HomeBentsifi's TattleOf Cape Coast cousins, touring cocoa farms & a swinging see-saw in...

Of Cape Coast cousins, touring cocoa farms & a swinging see-saw in the forest by the ‘Big Tree at Oda’

It’s International Day of Forests. That was last Monday, March 20. This year, the theme is “Forests and sustainable production and consumption.” I mention it to my Cape Coast cousin Raj, who I’m currently on the phone with, and she regrets not having known earlier. “It’s rather late for anything elaborate to be done but perhaps a dinner-time conversation with the family on the importance of forests will suffice for today.”


There, I knew Raj would make a comment about this that would bring meaning to the idea. Throughout the years, days are set aside to celebrate many causes, issues, and subjects. But, sometimes – and I’m sure you feel the same – it feels so far-fetched to do anything significant about it, especially if it is a subject close to your heart. But, you see, even just having a conversation about it with your family, or some friends, can make a world of difference! Not only does it help to create awareness about the cause, but it also offers the opportunity for ‘tittle tattle’, even like we’re having here, now.

Book a WangoWango Tour: Connect with nature on our ‘Dine-in-the-Wild’ ‘OKERE Valley Fix’

Better to tattle about this, than about other people’s lives which does not put any food on your table! The day before, Raj had experienced her first WangoWango encounter! She had visitors from the US, Glenda, and her family, who wanted to appreciate the value of cocoa, and wanted to visit a cocoa farm to educate, especially, their daughter Zariya. So, the ever-resourceful WangoWango tourism curators, yours truly, made calls and put together a road trip itinerary to a farm in Asamankese.

Being a Sunday, we didn’t have to leave Accra too early to avoid traffic. The roads were empty, so the drive was smooth. And rather quick. Farm manager, Mr Adu acted as our pleasant and very knowledgeable guide. He heads the cooperative in the district and was happy to take us round, explaining the planting, nurturing, and harvesting processes. We lost track of time as we took an idyllic but unexpectedly sweat-breaking hike along a small portion of the 10-acre farm. Raj was surprised how the seemingly low-lying ground could give such a moderate cardiac workout. The dead cocoa leaves strewn along the paths hide the real inclination. Thankfully, dressed appropriately in comfortable sneakers, it was a welcome addition to the day’s activities.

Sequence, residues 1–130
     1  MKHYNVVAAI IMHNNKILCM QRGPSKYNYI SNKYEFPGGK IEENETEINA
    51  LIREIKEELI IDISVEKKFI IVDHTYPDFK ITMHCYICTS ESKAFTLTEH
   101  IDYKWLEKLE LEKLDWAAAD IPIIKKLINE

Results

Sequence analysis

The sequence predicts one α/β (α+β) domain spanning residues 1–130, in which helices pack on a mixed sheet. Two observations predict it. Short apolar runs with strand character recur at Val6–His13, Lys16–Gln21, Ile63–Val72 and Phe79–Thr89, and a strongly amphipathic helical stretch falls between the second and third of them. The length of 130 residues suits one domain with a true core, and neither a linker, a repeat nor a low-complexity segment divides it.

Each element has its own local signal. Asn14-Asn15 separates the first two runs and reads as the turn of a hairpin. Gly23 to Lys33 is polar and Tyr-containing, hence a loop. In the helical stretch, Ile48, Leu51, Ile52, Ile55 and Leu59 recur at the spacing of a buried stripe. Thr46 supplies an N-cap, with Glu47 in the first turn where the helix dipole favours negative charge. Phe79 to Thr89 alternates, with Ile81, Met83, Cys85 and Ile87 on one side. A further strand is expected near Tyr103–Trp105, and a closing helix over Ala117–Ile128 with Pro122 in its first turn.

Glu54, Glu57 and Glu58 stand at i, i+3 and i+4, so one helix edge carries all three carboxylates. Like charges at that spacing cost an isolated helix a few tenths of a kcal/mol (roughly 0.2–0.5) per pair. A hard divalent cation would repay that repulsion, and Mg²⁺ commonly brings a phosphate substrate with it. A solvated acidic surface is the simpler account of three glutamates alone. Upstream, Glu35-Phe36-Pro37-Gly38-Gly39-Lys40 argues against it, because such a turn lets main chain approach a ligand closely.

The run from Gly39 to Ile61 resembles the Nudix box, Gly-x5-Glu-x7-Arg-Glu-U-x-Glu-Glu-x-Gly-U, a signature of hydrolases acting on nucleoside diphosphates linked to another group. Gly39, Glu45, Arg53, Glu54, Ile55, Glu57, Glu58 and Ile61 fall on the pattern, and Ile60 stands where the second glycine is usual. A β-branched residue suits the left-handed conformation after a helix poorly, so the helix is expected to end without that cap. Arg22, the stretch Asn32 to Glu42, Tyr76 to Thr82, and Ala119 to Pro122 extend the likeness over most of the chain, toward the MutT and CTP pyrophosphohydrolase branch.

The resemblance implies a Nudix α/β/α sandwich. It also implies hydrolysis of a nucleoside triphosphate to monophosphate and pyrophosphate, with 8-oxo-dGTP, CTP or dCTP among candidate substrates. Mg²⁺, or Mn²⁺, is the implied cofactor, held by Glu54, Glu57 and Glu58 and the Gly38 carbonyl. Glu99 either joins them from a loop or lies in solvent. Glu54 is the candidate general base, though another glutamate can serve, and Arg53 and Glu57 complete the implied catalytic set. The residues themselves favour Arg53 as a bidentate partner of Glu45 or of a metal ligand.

Book a WangoWango Tour: Connect with nature on our ‘Dine-in-the-Wild’ ‘OKERE Valley Fix’

When it was ended, it felt invigorating as we stood at the entrance of the farm gazing out at the beautiful Koforidua-Wenchi escarpment – also home to Atewa Forest – a distance away! After posing for a few selfies, we bid Mr Adu and co goodbye and took off, further westward to see the “Oda Big Tree” – said to be the biggest tree in West Africa – which is nearby at Aprokumase in the Asene Manso Akroso District. Not having been there in a while, I was delighted to see that the site has a facelift, with a new welcome center and signage. It looked so organized. A short forest hike brings you to the enormous trunk of a tree, and upon sighting it, the forest reverberated with some thrilling shrills of delight! And even more so when you get on the suspension swing and get a big push! The ladies so enjoyed this.

The tree is of the Bako species, its botanical name being Tieghemela Heckle. The locals gave it a nickname; Duabrantie (literally – gentleman tree; referring to its strong, virile, energetic stature. There’s a knowledgeable guide here too. A KNUST forestry degree holder who tells us we were in the Essen-Apam Forest Reserve, but I’m just finding out that some claim it’s the Asuboni Forest reserve, and that Duabrantie has a circumference of 12 metres and stands 66.5-90 metres tall. Its girth is 10.11 metres at 1.4 metres and 8.63 metres at 3.1 metres. It’s over 400 years old.

Book a WangoWango Tour: Connect with nature on our ‘Dine-in-the-Wild’ ‘OKERE Valley Fix’

There’s a certain reverence here, in the presence of this magnificence! When you stop to listen, the noise of silence in the forest brings an amalgam of emotions. It is calming, and yet exciting! We soon went for frolics, and when I opened the WangoWango box, there was a lunch of slow-cooked chicken with sweet potatoes to be served. We had it in true Wango style under the shade of a tree opposite the forest, by the roadside, at the visitor center, listening to our own playlist of afro beats, Amapiano and such.

What a relaxing afternoon it’s turned out to be. We felt the breeze brush against our cheeks, sitting under the tree and watching cars speeding past. Yeah, this is the life! Touring in Ghana is just a beautiful thing, when you find the right spots to visit. Today was so good!

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